Now, bring all that discovered data assets and data into a single repository. The repository is where the organization can sort data by its sensitivity labels or content profile. Furthermore, the administrators then need to catalog the security controls associated with each data.

Data Mapping

The next requirement is to link the data to specific data owners and identities. The discovered structured and unstructured PI need to be mapped with the users. Data mapping plays an important role in complying with the data subject rights (DSR) and breach notification policies.

Data Risk Graph

Enterprises can mitigate and remediate risks effectively when they have to know the inherent risk that any data sets carry. To determine the inherent risk, enterprises need to analyze data sensitivity, location, and residence, along with other indicators of risks (IoR), such as data transferred across borders, copies of data, collection of new data, etc.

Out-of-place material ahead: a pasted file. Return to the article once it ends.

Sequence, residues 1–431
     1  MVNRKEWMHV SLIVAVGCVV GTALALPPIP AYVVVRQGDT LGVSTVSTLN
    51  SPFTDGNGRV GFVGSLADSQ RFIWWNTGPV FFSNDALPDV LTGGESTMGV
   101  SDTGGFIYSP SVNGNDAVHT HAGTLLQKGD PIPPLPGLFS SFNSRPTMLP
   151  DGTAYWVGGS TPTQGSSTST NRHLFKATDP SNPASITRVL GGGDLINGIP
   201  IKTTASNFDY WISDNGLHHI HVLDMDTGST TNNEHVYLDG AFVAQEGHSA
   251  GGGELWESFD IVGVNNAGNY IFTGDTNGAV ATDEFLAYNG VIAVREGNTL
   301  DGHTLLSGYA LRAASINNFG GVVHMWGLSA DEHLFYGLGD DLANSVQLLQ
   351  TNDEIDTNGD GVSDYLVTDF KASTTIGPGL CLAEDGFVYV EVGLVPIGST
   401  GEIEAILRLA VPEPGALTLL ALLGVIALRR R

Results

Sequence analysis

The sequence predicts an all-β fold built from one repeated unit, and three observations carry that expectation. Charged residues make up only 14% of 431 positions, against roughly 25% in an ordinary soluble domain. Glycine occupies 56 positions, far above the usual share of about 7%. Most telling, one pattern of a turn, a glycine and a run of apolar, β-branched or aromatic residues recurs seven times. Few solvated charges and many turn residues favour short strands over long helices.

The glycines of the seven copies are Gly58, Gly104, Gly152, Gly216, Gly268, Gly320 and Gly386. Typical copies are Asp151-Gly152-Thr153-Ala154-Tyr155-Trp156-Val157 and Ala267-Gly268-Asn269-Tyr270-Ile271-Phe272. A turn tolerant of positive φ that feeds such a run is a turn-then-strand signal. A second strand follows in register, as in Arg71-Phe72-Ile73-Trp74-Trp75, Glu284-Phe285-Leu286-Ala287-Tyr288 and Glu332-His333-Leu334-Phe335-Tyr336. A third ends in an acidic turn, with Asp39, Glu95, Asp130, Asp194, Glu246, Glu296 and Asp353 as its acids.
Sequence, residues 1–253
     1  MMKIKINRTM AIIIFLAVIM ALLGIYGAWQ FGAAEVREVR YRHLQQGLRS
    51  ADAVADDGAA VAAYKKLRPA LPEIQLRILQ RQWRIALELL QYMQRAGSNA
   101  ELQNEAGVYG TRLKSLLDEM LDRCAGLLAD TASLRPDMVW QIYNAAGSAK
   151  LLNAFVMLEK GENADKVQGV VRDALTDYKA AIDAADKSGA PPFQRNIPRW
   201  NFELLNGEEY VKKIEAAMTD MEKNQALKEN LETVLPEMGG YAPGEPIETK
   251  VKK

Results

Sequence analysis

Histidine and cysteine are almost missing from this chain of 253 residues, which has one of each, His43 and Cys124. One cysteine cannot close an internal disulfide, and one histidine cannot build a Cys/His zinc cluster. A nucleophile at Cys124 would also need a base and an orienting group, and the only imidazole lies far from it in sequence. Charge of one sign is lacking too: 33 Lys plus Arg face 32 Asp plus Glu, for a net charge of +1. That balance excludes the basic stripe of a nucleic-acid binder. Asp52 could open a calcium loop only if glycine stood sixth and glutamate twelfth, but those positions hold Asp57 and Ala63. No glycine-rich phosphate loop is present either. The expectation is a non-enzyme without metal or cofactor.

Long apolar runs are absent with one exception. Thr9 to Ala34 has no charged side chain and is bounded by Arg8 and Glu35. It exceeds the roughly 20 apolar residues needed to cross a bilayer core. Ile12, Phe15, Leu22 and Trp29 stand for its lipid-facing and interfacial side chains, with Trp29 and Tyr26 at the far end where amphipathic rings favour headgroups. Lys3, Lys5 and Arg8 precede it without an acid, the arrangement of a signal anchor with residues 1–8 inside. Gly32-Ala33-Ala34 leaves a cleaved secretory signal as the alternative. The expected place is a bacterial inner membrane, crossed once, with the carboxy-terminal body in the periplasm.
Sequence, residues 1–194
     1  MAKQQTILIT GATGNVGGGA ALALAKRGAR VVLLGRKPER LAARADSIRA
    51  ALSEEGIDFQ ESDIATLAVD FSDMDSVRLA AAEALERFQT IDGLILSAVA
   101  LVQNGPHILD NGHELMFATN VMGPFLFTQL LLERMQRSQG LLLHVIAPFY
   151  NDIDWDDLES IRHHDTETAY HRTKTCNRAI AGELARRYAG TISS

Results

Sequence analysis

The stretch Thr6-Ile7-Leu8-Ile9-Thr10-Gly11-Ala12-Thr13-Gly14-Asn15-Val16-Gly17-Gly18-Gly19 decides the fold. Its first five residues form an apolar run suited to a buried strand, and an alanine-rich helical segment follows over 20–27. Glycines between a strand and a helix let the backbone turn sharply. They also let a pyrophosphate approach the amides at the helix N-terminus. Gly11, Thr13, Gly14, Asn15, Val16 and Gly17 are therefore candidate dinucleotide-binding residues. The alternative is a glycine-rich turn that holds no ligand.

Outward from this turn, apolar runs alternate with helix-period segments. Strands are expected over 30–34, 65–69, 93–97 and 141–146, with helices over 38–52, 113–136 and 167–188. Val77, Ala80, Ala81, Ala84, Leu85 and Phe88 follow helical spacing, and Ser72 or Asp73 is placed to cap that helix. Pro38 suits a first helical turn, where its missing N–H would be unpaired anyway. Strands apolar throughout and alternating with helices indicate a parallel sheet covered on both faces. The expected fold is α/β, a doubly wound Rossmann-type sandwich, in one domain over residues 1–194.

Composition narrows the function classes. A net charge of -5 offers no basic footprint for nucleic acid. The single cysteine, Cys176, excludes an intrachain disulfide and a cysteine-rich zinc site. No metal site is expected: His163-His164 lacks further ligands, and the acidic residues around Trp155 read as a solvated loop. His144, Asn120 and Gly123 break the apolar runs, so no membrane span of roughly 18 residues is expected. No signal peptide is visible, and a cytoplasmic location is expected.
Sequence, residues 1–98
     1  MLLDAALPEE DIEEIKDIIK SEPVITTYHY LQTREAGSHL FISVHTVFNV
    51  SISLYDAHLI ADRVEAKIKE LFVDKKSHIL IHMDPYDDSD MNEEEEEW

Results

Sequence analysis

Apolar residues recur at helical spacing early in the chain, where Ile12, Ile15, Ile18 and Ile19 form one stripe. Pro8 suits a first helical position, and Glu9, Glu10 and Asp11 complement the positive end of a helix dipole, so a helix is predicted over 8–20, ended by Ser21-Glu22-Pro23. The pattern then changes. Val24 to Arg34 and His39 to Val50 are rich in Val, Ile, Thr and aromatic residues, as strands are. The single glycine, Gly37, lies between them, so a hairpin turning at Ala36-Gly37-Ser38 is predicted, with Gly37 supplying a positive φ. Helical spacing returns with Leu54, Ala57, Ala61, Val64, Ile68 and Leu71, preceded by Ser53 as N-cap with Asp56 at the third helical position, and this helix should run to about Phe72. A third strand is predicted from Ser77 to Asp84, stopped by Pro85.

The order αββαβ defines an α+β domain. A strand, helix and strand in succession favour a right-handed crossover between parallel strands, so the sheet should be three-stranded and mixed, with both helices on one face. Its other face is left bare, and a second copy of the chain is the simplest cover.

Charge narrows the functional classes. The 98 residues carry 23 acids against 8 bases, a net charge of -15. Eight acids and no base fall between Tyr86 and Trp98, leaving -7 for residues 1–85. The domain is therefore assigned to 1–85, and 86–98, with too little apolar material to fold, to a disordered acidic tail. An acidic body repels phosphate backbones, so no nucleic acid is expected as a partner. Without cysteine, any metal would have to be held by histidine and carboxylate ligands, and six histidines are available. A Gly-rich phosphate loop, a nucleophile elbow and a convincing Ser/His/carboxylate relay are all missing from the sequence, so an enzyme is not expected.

Security Posture

The next step is to identify the security posture of your data assets. Scan for security misconfigurations associated with your data assets. Security posture allows enterprises to enforce the best practices while configuring their data assets, ensuring compliance with industry standards (PCI DSS, HIPAA, GDPR, etc.), and deploying native data system security best practices.

Audit and Compliance Reporting

Finally, enterprises can map the access control with the different security and privacy regulatory frameworks where applied. This will enable the company to produce an audit and evidence report demonstrating your compliance with standard regulations.

Check out our webinar to get more insights into Data Intelligence, its importance, and its application.